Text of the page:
American Bridge 21st Century has an even more defined purpose. Conceived of by Media Matters founder David Brock, the group has spent this cycle building a treasure chest of opposition research, digging through record and newspaper archives and deploying videographers to follow Republican candidates. An admirer and supporter of Brock's efforts to monitor conservative media, Soros was intrigued by the prospect of making candidate-tracking a similar fixture on the progressive landscape.

"Thanks to investments by progressive leaders like Mr. Soros we have been able to build a cutting edge organization that we will continue to build upon in order to keep providing effective and efficient services to the progressive movement," Brock said.

Officials at American Bridge said that Soros' donation would bring the group somewhere between 50 and 65 percent of the total they had budgeted for the 2012 election. With six months left to go, that's relatively solid footing.

But while organizing may be a cheaper alternative to television advertising, it does end up costing money, too. Soros' involvement certainly helps those two specific groups, as does the money to come from the Democracy Alliance meeting. But not everyone expects to find a benefactor around the corner.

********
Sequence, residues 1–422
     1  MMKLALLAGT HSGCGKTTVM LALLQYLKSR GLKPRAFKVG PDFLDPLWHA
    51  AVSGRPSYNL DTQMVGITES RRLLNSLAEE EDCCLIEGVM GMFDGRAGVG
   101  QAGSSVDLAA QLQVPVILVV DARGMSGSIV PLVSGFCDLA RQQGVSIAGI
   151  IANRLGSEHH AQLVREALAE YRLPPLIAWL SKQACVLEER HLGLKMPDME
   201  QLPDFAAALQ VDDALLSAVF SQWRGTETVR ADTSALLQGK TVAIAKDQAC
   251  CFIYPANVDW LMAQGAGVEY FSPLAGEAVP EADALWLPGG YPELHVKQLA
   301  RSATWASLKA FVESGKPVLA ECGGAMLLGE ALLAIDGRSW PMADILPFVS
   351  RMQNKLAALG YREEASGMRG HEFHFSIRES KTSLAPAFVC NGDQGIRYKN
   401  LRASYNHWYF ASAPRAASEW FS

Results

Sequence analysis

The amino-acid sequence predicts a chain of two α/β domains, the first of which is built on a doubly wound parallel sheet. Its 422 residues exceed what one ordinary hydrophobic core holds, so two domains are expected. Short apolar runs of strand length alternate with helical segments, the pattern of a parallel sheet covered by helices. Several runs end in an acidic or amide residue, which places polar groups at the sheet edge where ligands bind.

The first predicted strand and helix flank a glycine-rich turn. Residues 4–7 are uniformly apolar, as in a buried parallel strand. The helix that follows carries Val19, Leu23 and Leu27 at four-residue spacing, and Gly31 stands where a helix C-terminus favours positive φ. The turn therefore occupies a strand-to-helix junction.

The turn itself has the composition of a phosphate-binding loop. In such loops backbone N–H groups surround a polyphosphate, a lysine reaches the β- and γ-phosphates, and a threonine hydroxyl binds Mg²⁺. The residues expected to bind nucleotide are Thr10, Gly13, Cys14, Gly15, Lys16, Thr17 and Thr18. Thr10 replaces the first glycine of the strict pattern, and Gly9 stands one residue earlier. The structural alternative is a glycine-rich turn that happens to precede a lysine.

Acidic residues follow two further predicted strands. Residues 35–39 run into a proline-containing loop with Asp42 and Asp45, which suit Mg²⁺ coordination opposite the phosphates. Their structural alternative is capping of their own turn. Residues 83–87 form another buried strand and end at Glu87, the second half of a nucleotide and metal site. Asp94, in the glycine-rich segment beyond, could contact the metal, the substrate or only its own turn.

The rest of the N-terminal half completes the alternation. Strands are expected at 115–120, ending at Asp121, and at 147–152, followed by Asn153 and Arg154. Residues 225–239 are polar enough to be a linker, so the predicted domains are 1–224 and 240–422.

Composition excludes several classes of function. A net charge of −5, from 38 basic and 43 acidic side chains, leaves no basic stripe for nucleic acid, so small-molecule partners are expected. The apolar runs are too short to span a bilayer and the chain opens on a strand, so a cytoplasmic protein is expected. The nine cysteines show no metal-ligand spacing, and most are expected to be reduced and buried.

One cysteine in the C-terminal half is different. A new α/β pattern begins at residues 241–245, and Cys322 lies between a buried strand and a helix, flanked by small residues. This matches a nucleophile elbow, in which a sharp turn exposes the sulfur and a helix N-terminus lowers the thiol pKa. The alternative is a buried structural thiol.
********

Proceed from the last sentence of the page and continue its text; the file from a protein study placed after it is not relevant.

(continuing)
Eddie Vale, a spokesman for Workers' Voice, the AFL-CIO super PAC, declined to say whether the group would receive Democracy Alliance or Soros donations. But, he added, they would continue to place voter-to-voter contact as a top priority this fall.

"We aren't going to let Romney & Rove know our internal fundraising strategies," Vale said in an email, "but these efforts to focus on the grassroots instead of a tit-for-tat TV ad war are the right call and what we will be doing at Workers' Voice."

CORRECTION: An earlier version of this article stated that Greg Speed is America Votes' executive editor. Speed is the executive director.